However, during the hearing its representatives had to admit that if the decision remained in force, this would allow the Commission to claim refund of the salary paid to the applicant between June 2017 and November 2018 as well as part of his pension, while promising that in any event the Commission would not do such a thing!
The Court had to remind the Commission that those were mere statements and assurances, which could not eliminate the legal uncertainty which would arise if the contested decision remained in the Union’s legal order.
We cannot but note that this line of defence is perfectly consistent with the above mentioned haughty and contemptuous attitude of the Commission towards its staff.
And the Court in its judgment T-170/17 of May 8th annulled the Commission’s decision, confirming the illegality of the interpretation of Article 42c advocated by DG HR …
In particular, the Court annulled the Commission’s decision of 2 March 2017 whereby the colleague assisted by R&D was put on leave in the interest of the service and, at the same time, automatically retired, and retaining in every respect the arguments developed, it confirmed that:
“Consequently, concerning the interpretation of Article 42c of the Staff Regulations, it must be concluded that that provision cannot be applied to officials who, like the applicant, have reached ‘retirement age’ within its meaning. It follows that the Commission, in adopting the contested decision on the basis of that provision, infringed the scope of that provision, and the contested decision must therefore be annulled without it being necessary to examine the plea alleging infringement of Articles 47 and 52 of the Staff Regulations”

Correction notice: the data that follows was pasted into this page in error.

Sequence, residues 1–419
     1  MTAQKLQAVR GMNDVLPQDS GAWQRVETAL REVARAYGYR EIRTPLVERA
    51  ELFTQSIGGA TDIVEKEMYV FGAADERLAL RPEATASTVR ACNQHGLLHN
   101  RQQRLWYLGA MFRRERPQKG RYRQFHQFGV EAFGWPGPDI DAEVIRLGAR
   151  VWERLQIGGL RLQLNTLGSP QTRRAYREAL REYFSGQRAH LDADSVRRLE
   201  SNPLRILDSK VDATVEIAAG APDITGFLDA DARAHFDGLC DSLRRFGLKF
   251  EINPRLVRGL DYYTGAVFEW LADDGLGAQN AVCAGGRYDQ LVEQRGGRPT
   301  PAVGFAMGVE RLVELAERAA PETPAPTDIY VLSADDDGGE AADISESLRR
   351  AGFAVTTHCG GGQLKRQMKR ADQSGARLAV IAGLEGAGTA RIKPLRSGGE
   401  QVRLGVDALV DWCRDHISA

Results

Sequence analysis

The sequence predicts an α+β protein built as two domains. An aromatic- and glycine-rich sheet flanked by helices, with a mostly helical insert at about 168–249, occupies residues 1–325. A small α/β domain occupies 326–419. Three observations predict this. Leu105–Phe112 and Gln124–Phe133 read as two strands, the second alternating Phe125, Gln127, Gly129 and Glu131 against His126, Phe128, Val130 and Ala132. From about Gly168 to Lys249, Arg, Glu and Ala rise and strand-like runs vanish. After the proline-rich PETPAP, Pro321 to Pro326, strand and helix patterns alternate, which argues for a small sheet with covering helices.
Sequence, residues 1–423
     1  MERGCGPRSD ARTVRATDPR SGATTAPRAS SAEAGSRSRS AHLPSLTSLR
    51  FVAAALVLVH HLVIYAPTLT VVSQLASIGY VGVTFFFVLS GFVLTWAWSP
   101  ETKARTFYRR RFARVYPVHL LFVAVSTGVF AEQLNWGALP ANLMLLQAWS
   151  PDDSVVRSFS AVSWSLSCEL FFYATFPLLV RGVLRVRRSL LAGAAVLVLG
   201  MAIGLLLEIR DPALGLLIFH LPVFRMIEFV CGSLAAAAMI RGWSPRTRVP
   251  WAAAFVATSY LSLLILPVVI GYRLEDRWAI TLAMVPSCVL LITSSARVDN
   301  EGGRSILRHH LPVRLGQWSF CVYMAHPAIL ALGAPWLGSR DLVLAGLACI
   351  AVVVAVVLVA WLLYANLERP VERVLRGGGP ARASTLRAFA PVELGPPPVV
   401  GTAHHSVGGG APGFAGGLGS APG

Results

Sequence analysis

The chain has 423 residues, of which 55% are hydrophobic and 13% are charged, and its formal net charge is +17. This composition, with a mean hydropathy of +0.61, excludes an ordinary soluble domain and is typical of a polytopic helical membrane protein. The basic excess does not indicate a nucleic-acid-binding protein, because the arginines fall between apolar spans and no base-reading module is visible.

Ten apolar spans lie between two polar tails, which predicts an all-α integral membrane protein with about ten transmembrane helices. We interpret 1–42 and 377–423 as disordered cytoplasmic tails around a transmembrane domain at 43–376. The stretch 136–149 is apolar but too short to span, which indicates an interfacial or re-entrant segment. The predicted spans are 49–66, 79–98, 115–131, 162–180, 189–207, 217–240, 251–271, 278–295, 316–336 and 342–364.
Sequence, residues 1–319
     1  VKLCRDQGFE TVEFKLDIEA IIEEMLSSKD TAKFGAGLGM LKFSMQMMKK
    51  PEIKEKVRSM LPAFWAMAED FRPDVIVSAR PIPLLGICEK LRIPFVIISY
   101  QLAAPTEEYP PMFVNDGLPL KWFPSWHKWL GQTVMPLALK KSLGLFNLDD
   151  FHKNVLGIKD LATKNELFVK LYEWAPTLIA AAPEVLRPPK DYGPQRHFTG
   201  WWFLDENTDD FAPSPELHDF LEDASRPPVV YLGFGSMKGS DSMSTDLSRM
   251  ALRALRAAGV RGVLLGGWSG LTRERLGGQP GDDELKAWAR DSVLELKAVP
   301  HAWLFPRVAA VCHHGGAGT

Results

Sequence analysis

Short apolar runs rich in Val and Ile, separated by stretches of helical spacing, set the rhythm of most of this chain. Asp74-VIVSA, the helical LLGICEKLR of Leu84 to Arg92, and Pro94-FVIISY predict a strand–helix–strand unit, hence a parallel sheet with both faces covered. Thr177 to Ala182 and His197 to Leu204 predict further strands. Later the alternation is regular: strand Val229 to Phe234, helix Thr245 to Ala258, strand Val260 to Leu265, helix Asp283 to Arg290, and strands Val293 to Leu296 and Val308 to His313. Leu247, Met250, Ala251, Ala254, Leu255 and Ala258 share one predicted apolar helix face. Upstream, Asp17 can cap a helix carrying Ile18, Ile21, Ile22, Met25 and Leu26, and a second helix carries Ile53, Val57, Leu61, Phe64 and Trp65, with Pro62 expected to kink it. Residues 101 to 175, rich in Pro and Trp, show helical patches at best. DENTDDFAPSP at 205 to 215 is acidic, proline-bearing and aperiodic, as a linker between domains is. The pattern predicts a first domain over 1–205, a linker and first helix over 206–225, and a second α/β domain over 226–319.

This is word for word what R&D has always explained to DG HR, and lastly at the meeting with the representatives of DG HR on this colleague’s file!
While, by turning to R&D and its advice, our member has had his rights successfully defended, several other colleagues, who were unlawfully forced to retire in 2016 and did not contest DG HR decision, had to leave our institution definitively with the sometimes very serious consequences mentioned above!
This shameful and contemptuous management is not worthy of the institution we have chosen to serve with pride and enthusiasm and we cannot stop there!
To this end, we call on you, Commissioner:
· Are you going to finally ask those responsible for implementing these procedures to report on them?
· Are you finally going to ensure that our administration shows the respect that the staff and its representatives deserve?
M. J-C Juncker, President
M. M. SELMAYR, Secretary General
Ms I. SOUKA, DG HR
Directors-General of the EC
M. C. Levasseur; Ms M-H Pradines, DG HR
Ms E. O’REILLY, European Ombudsman
M. G. DI VITA, DG-BA EEAS
Staff of the European institutions